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I am going to cite a an Example in Finance textbook:

$dX_t = \sigma dW_t$ where $W_t$ is a Wiener process. The Fokker-Planc equation is: $$\frac{\partial p (s,y;x,t)}{\partial t}=\frac{1}{2}\sigma^2\frac{\partial^2 p (s,y;x,t)}{\partial x^2} (1)$$ and it is easily checked that the solution is given by the Gaussian density $$ p(s,y;x,t) = \frac{1}{\sigma\sqrt{2\pi(t-s)}}\exp \left[-\frac{1}{2} \frac{(x-y)^2}{\sigma^2(t-s)} \right] (2)$$

So the transition $p$ must satisfy the Fokker-Planc and this leads to the PDE in (1): This I do understand.

But how can I use the information about $X_t$ process to show that (2) is the solution to the PDE given by (1)?

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So many ways to look at that problem , first one , we can write $$X_t=X_s+\sigma(W_t-W_s)$$ with $s<t$. Therefore , if $X_s=y$, we have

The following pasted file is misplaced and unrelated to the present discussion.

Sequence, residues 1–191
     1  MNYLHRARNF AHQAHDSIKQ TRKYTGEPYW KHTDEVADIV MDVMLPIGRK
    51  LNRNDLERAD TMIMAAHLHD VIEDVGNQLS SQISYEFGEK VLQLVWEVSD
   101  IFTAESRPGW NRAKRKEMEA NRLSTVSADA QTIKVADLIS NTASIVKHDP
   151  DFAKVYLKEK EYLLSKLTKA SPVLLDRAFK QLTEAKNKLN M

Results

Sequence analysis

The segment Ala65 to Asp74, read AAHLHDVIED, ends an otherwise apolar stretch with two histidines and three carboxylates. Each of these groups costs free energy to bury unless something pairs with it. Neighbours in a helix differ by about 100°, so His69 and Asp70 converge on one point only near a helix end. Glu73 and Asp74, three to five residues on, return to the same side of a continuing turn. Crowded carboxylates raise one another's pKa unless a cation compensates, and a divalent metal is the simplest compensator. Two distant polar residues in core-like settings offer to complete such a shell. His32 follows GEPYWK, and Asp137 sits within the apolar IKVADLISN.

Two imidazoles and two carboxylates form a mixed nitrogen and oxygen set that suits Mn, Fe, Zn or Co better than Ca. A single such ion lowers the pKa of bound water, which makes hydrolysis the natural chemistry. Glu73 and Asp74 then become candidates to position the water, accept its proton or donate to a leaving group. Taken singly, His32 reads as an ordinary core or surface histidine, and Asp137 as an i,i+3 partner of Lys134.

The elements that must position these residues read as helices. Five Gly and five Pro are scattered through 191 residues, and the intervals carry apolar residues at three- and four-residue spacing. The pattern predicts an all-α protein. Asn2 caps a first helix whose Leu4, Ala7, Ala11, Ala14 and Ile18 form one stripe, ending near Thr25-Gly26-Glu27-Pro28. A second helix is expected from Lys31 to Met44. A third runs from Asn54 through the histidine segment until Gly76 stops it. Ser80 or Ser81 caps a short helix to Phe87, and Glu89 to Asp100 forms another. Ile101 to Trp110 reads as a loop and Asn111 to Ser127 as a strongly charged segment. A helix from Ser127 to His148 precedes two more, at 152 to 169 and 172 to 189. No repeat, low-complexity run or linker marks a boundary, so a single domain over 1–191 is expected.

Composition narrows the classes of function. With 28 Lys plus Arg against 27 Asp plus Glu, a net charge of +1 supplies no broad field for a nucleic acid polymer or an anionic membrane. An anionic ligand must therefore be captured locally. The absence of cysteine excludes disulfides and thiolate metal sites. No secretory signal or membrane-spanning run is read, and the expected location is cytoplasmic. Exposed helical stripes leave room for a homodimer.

$$X_t=y+\sigma(W_t-W_s)$$ and the distribution of $X_t$ is normal centered in $y$ and variance $\sigma^2(t-s)$ by definition of the Brownian motion, therefore the density function is $$p(s,y;x,t) = \frac{1}{\sigma\sqrt{2\pi(t-s)}}\exp \left[-\frac{1}{2} \frac{(x-y)^2}{\sigma^2(t-s)} \right]$$

The second way is to look at the relationship between Ito-processes and PDE, through the Fokker-Planck, as you showed in your equation (1). You first connected equation(1) to $X_t$, now take equation(2) and differentiate it wrt $t$, then do it twice wrt $x$

$$\frac{\partial p (s,y;x,t)}{\partial t}=-\frac{1}{2\sigma\sqrt{2\pi}}\frac{1}{(t-s)^{\frac{3}{2}}}\exp \left[-\frac{1}{2} \frac{(x-y)^2}{\sigma^2(t-s)} \right] \\+\frac{1}{2\sigma^3\sqrt{2\pi}}\frac{(x-y)^2}{(t-s)^{\frac{3}{2}}}\exp \left[-\frac{1}{2} \frac{(x-y)^2}{\sigma^2(t-s)} \right]$$

$$\frac{\partial p (s,y;x,t)}{\partial x}=-\frac{1}{\sigma\sqrt{2\pi(t-s)}}\frac{(x-y)}{\sigma^2(t-s)}\exp \left[-\frac{1}{2} \frac{(x-y)^2}{\sigma^2(t-s)} \right]$$ $$\frac{\partial^2 p (s,y;x,t)}{\partial x^2}=-\frac{1}{\sigma^3\sqrt{2\pi}}\frac{1}{(t-s)^{\frac{3}{2}}}\exp \left[-\frac{1}{2} \frac{(x-y)^2}{\sigma^2(t-s)} \right]\\+\frac{1}{\sigma\sqrt{2\pi(t-s)}}\frac{(x-y)^2}{\sigma^4(t-s)^2}\exp \left[-\frac{1}{2} \frac{(x-y)^2}{\sigma^2(t-s)} \right]$$

Multiply $\frac{\partial^2 p (s,y;x,t)}{\partial x^2}$ by $\frac{1}{2}\sigma^2$ and you get the result wanted.

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